PITTSBURGH -- Construction of the rink for the 2017 Coors Light NHL Stadium Series at Heinz Field is on schedule.
The boards are currently being built around an ice surface set atop a deck made up of interlocking plastic squares. The construction crew will continue to work on the walls before spraying the ice with water Thursday night and taking Friday off, said Dan Craig, NHL vice president of facilities operations/hockey operations.
The Pittsburgh Penguins will play the Philadelphia Flyers at Heinz Field, home of the NFL's Pittsburgh Steelers on Feb. 25 (8 p.m. ET; NBC, SN, TVA Sports 2, NHL.TV).
The construction crew hasn't experienced complications during the past few days, which can be partially attributed to the relationships Craig built when leading up to the 2011 Winter Classic at Heinz Field.
"The thing that's helped is all of a sudden we came across a couple of friends we made the last time we were here," Craig said. "All of a sudden, they're back on the crew and it's kind of like, 'Hey, Mr. Craig. How are things?' So, the relationship has already been done from last time. That really helps moving forward.
"They know what to expect. They know the personalities around the group that we have. Coming to Pittsburgh, I love coming to Pittsburgh with the crew from (PPG Paints Arena). It's a great group."
Video: 2017 Stadium Series Heinz Field Time-lapse
A blanket will be pulled over the ice during the day to ensure it doesn't melt before the crew continues to spray the three days following its day off Friday. Craig plans to spray 10-12 hours each day after uncovering the ice at around 4 p.m.
"If you put an ice cube on your table, what's going to happen?" Craig said. "So, we have an insulated blanket, a reflective foil blanket that we put on top of it during the day and we'll come back at night and start spraying again. Everything's good."
Craig plans to have the surface fully painted Monday, including all lines and logos.
The crew worked in below-freezing temperatures on Pittsburgh's North Shore on Friday, with snow flurries circling through Heinz Field's open end and lower bowl. Working in that environment is preferable, Craig said.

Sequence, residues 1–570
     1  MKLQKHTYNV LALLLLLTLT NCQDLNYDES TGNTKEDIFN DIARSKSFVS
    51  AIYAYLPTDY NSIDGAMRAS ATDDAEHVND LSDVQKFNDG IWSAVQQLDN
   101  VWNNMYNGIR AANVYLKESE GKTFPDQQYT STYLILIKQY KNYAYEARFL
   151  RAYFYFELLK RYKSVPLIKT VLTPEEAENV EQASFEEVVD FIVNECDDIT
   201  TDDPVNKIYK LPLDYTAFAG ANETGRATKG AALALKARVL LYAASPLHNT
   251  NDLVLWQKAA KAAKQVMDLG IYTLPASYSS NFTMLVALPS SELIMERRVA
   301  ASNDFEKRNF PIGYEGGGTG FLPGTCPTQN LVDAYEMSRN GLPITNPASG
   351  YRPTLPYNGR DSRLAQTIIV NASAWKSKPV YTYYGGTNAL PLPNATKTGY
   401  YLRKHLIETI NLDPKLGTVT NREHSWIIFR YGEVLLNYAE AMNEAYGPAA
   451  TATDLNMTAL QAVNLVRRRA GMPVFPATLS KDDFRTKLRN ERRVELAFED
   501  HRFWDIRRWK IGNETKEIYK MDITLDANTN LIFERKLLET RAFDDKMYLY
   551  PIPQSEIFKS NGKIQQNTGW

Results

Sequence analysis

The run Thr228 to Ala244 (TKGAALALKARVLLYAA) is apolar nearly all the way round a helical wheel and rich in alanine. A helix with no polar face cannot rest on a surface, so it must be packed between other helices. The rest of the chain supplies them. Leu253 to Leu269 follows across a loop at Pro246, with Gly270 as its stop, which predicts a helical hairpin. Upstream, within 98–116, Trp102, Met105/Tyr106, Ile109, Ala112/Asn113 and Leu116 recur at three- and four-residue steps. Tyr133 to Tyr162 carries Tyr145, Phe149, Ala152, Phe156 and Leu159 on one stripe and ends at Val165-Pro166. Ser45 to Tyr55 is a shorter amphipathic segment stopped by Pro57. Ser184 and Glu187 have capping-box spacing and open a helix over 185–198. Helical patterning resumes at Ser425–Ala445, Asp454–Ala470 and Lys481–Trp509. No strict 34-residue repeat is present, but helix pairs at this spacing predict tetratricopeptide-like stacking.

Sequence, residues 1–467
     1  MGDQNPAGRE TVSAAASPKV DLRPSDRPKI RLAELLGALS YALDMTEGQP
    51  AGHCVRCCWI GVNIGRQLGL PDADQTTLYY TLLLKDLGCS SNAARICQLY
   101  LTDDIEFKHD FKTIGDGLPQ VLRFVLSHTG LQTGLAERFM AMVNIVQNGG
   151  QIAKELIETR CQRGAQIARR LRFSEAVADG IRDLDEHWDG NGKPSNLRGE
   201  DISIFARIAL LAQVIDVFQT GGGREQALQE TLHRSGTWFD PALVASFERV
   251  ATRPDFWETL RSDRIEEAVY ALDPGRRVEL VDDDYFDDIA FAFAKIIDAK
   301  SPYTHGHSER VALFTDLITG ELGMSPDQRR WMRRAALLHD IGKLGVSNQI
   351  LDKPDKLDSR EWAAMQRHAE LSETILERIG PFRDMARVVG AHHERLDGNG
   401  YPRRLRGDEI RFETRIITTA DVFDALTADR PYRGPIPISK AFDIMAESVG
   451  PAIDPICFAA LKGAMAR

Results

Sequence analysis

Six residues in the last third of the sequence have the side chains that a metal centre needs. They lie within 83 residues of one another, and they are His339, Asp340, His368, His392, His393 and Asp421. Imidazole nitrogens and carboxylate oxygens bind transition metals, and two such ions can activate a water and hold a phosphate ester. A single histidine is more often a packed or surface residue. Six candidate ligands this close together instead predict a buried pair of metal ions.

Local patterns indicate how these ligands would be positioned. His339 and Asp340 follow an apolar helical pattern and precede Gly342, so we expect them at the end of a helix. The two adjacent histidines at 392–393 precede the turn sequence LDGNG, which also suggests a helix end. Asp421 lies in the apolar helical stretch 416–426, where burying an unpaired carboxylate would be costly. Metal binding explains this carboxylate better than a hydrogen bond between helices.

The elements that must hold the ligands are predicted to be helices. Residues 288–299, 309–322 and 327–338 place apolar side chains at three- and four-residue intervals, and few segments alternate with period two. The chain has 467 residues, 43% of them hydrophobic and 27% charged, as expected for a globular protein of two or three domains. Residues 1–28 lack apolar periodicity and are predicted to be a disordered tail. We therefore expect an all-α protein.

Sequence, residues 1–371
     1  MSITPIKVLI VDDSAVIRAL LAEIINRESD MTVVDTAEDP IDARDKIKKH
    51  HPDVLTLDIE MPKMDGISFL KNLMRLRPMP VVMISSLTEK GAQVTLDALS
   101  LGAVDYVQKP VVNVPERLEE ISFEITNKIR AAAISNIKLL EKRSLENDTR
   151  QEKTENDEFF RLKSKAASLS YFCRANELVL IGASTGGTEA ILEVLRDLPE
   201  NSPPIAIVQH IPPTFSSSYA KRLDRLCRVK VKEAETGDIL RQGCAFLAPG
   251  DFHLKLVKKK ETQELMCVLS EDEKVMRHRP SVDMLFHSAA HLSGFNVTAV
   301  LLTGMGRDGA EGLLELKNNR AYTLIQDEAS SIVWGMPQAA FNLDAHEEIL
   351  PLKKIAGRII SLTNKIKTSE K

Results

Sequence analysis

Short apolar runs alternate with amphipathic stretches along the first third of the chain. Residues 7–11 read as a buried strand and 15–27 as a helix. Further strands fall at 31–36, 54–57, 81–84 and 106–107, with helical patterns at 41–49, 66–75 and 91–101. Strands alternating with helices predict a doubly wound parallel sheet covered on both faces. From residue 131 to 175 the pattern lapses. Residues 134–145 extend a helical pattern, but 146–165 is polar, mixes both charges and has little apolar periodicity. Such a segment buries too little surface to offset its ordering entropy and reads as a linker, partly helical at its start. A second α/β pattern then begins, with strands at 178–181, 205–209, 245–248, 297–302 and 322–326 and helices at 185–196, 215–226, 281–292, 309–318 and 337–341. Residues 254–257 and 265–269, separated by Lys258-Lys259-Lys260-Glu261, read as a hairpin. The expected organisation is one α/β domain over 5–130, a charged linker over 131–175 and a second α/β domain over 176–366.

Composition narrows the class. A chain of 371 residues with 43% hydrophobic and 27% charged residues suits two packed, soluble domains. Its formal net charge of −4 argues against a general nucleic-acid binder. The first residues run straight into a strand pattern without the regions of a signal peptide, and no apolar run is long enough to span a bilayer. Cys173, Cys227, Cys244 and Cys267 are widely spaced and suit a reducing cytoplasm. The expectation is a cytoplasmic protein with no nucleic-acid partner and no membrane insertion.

"This right here is ideal," Craig said. "The truck doesn't even really have to work. It just helps us a little bit. … Other than that, Mother Nature is going to be doing it all anyway."
The temperature is expected to rise significantly over the weekend with highs near 60 degrees, which isn't expected to hinder the crew's progress.
"We'll work at night when it goes back down into the mid-40s," Craig said. "It's all good."
No matter the forecast, Craig said the crew would provide an NHL-quality rink for the Penguins and Flyers.
"The pressure is on and it's self-imposed as much as anything else," Craig said. "Now the expectation is there because of the equipment that we do have. The players understand it. They know. Guys who have played on our outdoor surfaces, they've come to expect top-of-the-line.
"If you've watched some of the events as the game has grown, competition is faster and harder. It's points on the table and guys know, especially at this time of year, I mean that's very, very crucial in the last few weeks."
With that understanding, Craig expects no critical ice issues during the game.
"I don't take any chances on anything," Craig said. "Our expectations are the best of the best in the world, bar none."